The Oldest Temple in the World—- Part Four

The Oldest Temple in the World—- Part Four June 20, 2011

The little skit by the minions above and the Gobeckli Tepe Temple both raise questions about what it means to be human.

Are we all just hunter-gatherers moving through life driven by our urges and needs?   Or are we something much more than that?  What does it really mean to be human?   The Bible suggests that begin created in God’s image provides some sort of answer or clue.   Some scholars have thought being created in the image of God had to do with our being mini-creators and rulers of the world, like God on a smaller scale.  But that has to do with vocation, not nature. The reference to the image of God in the Genesis story suggests something about human nature— a unique capacity for relationship with God, a relationship which involves language and communication as the story of the Garden suggests.  It is interesting that the Hebrew word ‘tselem’  is the word for both image and idol in the OT.  In a sense humans were created to be God’s image, God’s representative on earth.  This is why making an idol of, much less worshipping something less than human as a deity is idolatry.  Humans are to be the ‘tselem’  not make ‘tselems’ of lesser things.  But there is more.  As the Bible moves along it becomes apparent that God intends for humans to reflect God’s character— God is holy, just, loving, kind, compassionate etc. and humans are expected to be so as well on a lesser scale.  We are to reflect the moral character on earth.  When we get to the NT and we are told that Christians are to be conformed to the image of Christ, again the issue is about character as well as other things. We are to be Christ-like in thought, word, and deed.   Furthermore this all provides a clue for the relationship between theology and ethics in the Bible.  God is holy and so should we be, and only humans have the capacity to reflect the moral character of God.  Image of God concepts show us the connection between theology and ethics.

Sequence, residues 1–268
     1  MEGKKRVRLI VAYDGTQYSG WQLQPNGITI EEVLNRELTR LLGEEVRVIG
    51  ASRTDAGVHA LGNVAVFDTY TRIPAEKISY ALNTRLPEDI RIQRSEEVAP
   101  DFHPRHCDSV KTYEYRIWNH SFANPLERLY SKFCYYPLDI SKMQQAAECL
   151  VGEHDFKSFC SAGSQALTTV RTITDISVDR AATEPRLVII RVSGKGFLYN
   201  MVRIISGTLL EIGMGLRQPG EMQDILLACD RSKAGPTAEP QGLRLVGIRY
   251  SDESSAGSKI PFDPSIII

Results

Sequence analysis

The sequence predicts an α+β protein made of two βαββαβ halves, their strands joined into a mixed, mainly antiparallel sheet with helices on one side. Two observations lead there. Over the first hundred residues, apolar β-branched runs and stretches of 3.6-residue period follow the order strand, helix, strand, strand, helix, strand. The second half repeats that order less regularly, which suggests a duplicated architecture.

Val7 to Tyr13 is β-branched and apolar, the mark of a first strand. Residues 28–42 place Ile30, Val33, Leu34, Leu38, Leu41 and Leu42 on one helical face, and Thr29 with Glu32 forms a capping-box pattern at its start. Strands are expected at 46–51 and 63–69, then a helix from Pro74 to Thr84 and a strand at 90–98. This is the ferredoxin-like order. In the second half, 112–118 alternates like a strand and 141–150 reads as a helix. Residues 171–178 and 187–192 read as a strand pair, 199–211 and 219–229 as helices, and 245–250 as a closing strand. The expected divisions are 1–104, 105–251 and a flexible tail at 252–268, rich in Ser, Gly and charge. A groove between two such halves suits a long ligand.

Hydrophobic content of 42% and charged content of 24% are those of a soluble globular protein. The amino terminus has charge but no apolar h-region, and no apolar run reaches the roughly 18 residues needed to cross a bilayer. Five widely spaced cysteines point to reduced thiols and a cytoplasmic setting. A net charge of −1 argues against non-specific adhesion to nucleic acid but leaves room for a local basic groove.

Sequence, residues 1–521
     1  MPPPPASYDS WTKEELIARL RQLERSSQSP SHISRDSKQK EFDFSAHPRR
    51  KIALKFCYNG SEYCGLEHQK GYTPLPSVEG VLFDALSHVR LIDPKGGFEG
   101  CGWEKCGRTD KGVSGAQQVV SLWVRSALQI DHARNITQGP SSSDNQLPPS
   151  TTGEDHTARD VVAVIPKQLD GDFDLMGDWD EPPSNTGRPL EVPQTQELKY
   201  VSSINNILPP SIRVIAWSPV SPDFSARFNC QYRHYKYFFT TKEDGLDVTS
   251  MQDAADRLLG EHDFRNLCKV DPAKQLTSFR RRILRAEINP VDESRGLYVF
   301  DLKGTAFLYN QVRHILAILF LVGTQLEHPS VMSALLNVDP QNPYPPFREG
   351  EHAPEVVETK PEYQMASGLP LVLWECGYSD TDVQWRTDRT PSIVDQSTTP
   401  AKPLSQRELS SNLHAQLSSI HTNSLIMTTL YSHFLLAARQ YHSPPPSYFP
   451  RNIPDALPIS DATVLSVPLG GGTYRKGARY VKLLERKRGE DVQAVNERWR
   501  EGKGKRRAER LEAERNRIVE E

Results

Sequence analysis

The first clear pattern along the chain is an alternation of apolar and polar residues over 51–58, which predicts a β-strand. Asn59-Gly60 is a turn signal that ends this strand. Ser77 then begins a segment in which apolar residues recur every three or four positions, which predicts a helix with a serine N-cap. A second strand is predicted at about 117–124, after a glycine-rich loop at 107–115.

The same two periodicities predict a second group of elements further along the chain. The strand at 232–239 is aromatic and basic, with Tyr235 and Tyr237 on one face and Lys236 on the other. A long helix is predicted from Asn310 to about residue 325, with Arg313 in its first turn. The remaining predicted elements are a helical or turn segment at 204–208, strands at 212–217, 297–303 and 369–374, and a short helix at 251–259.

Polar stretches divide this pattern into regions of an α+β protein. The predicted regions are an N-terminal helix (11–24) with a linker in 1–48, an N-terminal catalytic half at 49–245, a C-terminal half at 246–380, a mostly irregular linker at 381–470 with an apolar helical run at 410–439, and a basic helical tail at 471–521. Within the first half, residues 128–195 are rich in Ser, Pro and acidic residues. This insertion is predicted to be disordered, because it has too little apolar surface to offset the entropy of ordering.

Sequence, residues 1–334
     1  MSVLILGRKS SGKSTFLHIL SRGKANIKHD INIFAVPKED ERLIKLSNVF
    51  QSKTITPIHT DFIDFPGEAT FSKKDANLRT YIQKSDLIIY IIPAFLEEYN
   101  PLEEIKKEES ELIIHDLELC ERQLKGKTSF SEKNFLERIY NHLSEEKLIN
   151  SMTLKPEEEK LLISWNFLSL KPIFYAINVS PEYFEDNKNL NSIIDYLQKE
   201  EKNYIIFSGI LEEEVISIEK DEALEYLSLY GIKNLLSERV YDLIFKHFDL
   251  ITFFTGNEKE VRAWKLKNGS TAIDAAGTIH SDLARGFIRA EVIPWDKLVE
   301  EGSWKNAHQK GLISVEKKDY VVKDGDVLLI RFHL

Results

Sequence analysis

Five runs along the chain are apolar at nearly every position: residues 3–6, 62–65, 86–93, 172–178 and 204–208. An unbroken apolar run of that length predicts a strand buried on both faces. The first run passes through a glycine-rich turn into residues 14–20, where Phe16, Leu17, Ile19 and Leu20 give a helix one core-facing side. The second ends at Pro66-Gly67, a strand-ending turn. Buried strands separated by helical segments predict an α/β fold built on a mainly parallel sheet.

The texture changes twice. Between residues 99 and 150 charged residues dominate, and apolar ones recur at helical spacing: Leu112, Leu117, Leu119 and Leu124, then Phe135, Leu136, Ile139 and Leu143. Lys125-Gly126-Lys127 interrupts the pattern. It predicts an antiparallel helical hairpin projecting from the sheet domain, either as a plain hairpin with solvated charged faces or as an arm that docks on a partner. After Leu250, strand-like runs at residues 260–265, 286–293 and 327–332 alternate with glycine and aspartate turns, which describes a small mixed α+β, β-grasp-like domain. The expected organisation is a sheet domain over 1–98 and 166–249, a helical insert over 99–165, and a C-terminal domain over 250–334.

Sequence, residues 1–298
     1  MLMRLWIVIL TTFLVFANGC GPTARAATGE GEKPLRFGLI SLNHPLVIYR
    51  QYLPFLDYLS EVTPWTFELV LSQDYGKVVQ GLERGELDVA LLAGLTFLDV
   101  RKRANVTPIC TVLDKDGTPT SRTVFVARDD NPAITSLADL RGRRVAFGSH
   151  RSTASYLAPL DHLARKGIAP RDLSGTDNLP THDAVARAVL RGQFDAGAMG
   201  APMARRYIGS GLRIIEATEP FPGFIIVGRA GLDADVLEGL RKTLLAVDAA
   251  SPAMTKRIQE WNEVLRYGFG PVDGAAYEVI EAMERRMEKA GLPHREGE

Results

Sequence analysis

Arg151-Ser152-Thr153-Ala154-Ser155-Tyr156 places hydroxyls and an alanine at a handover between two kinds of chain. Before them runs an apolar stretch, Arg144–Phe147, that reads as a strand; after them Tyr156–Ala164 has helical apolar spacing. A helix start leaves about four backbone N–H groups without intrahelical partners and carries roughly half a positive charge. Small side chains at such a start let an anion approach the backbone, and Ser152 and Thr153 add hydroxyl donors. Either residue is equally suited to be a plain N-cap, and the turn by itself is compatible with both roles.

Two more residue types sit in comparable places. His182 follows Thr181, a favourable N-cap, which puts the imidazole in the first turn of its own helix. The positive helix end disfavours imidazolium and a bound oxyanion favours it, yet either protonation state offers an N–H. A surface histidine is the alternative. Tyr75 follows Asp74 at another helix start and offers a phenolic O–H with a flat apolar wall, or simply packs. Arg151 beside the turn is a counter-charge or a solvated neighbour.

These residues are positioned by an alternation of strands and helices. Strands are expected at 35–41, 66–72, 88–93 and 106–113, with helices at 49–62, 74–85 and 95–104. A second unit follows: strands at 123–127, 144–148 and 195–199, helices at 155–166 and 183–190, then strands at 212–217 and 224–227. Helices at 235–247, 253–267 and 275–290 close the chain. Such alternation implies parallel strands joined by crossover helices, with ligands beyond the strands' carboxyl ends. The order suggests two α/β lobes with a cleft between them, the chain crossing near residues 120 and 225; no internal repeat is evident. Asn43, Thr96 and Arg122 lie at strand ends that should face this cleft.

But back to Gobeckl Tepe for a moment.  If that temple tells us anything it is that humans are in a compromised situation. That far from being a garden or a paradise, the world was more like a zoo where all the animals are running lose, and running the zoo!  In that sort of fallen world, the inherent human instinct and knowledge that they need divine help to survive and thrive is understandable.  But it also bespeaks of something else—- God seems distant, has to be summoned, has to be appeased, has to be beckoned.  But why?    Because deep in the heart of the humans at Gobeckli Tepe and elsewhere is a recognition that they are fallen creatures needing divine help.   But where did such a recognition come from?   If human fallenness was a created part of who humans were and what it meant to be human (is it really true that to be human one must be a sinner, one must engage in wicked and harmful behavior) why then the universal reaching out to God for something more, something better, for transformation and salvation from all that goes bump in the night, all the wee beasties.   As it turns out archaeology in this case has uncovered not merely  the inherent religious character of humans from Day One,  it also has uncovered its inherent vulnerability and instinctive need for God and for transendence above the human dilemma.     Think on these things.

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